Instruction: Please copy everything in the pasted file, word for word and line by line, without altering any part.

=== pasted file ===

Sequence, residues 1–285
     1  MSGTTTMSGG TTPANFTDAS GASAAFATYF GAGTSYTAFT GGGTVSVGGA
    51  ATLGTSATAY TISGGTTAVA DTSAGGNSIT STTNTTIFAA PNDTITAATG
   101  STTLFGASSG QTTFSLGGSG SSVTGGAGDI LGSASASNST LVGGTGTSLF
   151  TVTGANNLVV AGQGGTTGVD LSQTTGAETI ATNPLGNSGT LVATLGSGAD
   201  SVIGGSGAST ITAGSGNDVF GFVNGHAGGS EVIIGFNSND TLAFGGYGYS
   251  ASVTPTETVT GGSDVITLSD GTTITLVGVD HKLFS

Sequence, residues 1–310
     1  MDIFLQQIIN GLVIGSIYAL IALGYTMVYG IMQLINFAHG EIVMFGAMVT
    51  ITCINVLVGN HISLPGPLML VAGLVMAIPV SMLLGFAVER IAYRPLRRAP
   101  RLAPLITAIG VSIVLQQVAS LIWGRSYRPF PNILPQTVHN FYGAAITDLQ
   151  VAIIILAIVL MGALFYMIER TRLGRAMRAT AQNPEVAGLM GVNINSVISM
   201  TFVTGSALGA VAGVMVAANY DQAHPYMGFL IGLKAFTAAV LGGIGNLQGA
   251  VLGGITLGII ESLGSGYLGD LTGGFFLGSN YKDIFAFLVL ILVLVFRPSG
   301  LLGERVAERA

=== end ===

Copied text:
Sequence, residues 1–285
     1  MSGTTTMSGG TTPANFTDAS GASAAFATYF GAGTSYTAFT GGGTVSVGGA
    51  ATLGTSATAY TISGGTTAVA DTSAGGNSIT STTNTTIFAA PNDTITAATG
   101  STTLFGASSG QTTFSLGGSG SSVTGGAGDI LGSASASNST LVGGTGTSLF
   151  TVTGANNLVV AGQGGTTGVD LSQTTGAETI ATNPLGNSGT LVATLGSGAD
   201  SVIGGSGAST ITAGSGNDVF GFVNGHAGGS EVIIGFNSND TLAFGGYGYS
   251  ASVTPTETVT GGSDVITLSD GTTITLVGVD HKLFS

Sequence, residues 1–310
     1  MDIFLQQIIN GLVIGSIYAL IALGYTMVYG IMQLINFAHG EIVMFGAMVT
    51  ITCINVLVGN HISLPGPLML VAGLVMAIPV SMLLGFAVER IAYRPLRRAP
   101  RLAPLITAIG VSIVLQQVAS LIWGRSYRPF PNILPQTVHN FYGAAITDLQ
   151  VAIIILAIVL MGALFYMIER TRLGRAMRAT AQNPEVAGLM GVNINSVISM
   201  TFVTGSALGA VAGVMVAANY DQAHPYMGFL IGLKAFTAAV LGGIGNLQGA
   251  VLGGITLGII ESLGSGYLGD LTGGFFLGSN YKDIFAFLVL ILVLVFRPSG
   301  LLGERVAERA